Get Physical

DVDs are the new Vinyl

Portlandia Season 7 Now Available On Disc.

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GIFs via Giffy

In this crazy digital age, sometimes all we really want is to reach out and touch something. Maybe that’s why so many of us are still gung-ho about owning stuff on DVD. It’s tangible. It’s real. It’s tech from a bygone era that still feels relevant, yet also kitschy and retro. It’s basically vinyl for people born after 1990.


Inevitably we all have that friend whose love of the disc is so absolutely repellent that he makes the technology less appealing. “The resolution, man. The colors. You can’t get latitude like that on a download.” Go to hell, Tim.

Yes, Tim sucks, and you don’t want to be like Tim, but maybe he’s onto something and DVD is still the future. Here are some benefits that go beyond touch.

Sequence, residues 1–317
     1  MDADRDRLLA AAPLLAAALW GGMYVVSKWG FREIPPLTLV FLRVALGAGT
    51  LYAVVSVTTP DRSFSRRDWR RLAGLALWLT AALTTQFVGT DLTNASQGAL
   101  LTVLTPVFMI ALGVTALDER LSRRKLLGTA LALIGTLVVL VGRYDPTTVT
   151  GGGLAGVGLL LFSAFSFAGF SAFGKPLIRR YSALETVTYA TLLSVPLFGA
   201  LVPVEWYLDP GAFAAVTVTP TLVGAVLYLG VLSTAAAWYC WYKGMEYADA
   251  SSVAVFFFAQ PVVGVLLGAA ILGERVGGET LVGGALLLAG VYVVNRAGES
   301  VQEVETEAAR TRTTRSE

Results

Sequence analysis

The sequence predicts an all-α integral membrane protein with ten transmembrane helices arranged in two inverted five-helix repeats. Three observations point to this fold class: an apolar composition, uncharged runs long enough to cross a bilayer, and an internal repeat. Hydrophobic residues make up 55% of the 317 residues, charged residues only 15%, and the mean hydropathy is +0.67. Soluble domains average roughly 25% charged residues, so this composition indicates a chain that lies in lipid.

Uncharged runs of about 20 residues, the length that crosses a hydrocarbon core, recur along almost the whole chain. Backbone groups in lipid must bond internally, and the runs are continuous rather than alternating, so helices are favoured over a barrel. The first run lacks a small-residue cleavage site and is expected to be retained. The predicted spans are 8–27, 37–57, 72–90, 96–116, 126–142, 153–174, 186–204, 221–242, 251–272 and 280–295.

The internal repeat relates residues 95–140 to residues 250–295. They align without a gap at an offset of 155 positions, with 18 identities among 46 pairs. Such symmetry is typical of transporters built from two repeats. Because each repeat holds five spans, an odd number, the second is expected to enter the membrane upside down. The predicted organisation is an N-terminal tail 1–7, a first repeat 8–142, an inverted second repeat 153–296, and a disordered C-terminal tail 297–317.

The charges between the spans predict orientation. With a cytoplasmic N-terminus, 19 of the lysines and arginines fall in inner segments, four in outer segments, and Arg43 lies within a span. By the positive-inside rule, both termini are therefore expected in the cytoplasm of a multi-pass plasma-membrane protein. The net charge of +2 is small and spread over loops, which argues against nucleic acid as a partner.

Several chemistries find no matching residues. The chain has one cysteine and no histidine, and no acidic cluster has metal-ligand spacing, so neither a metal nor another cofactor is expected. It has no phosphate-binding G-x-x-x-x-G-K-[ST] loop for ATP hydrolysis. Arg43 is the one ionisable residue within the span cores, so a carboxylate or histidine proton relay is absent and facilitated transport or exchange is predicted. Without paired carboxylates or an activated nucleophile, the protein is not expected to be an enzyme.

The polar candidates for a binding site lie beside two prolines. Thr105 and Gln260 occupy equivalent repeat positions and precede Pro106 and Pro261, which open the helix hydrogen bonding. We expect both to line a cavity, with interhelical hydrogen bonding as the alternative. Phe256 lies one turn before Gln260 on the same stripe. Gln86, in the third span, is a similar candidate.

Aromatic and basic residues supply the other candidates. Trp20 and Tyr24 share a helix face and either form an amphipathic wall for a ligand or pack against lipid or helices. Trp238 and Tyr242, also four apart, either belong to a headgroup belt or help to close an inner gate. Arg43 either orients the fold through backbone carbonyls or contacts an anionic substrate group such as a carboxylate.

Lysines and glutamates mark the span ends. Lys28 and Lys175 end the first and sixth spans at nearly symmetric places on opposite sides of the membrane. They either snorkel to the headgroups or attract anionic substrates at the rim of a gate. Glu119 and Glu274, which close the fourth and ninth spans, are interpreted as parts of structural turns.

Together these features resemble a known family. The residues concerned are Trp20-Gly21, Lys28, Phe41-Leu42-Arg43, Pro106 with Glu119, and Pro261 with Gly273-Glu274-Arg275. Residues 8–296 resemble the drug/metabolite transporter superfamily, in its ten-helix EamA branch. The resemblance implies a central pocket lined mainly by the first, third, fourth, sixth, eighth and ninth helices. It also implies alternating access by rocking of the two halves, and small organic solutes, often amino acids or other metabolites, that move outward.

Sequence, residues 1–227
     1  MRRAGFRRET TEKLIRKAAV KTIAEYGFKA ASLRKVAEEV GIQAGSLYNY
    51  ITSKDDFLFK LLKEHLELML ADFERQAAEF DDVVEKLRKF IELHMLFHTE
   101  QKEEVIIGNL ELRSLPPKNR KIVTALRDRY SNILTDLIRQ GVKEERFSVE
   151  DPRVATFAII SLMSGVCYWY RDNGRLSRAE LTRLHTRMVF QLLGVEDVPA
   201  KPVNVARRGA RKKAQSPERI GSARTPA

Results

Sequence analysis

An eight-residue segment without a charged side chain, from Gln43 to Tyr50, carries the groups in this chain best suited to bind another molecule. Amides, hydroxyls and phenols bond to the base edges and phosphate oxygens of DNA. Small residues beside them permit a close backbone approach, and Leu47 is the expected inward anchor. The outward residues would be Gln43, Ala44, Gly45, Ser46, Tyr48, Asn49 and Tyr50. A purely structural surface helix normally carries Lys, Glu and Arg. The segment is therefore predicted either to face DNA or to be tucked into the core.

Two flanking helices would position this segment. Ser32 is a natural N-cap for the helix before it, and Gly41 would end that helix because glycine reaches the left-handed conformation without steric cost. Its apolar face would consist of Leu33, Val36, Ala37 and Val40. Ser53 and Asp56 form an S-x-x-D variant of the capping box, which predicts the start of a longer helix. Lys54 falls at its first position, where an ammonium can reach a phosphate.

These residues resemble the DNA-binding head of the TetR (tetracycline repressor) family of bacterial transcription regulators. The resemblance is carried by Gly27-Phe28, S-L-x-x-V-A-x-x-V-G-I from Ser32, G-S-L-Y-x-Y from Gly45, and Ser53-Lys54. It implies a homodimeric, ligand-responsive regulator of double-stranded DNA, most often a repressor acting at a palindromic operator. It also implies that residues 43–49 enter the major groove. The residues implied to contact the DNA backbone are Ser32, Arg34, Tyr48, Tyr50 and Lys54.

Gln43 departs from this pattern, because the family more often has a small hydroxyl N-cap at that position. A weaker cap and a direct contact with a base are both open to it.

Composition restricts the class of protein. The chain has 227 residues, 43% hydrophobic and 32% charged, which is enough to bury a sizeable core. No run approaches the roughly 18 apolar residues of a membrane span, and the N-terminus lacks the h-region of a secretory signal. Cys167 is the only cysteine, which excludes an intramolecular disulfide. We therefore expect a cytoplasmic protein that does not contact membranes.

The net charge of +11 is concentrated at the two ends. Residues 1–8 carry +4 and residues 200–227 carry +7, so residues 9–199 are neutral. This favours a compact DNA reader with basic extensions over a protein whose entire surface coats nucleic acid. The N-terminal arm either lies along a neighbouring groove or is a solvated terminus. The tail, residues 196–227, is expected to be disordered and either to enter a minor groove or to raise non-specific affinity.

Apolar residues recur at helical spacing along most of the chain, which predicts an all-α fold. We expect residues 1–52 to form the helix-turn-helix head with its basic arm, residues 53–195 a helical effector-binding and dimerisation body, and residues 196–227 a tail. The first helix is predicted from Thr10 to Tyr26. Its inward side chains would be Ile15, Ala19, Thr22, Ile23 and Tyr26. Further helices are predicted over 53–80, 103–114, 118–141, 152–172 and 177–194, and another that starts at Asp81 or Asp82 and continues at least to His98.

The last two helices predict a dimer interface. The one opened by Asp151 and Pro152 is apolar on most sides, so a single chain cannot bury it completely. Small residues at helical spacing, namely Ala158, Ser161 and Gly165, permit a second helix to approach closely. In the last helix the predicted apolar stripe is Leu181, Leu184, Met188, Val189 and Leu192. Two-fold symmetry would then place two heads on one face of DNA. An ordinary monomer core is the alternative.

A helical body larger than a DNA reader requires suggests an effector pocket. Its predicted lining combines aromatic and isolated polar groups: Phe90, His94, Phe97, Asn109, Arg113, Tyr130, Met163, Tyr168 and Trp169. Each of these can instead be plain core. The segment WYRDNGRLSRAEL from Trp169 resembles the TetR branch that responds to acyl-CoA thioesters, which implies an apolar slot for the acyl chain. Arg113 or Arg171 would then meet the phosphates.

It’s Decor and Decorum

With DVDs and a handsome bookshelf you can show off your great taste in film and television without showing off your search history. Good for first dates, dinner parties, family reunions, etc.


Forget Public Wifi

Warm up that optical drive. No more awkwardly streaming episodes on shady free wifi!



Internet service goes down. It happens all the time. It could happen right now. Then what? Without a DVD on hand you’ll be forced to make eye contact with your friends and family. Or worse – conversation.


Self Defense

You can’t throw a download like a ninja star. Think about it.


If you’d like to experience the benefits DVD ownership yourself, Portlandia Season 7 is now available on DVD and Blue-Ray.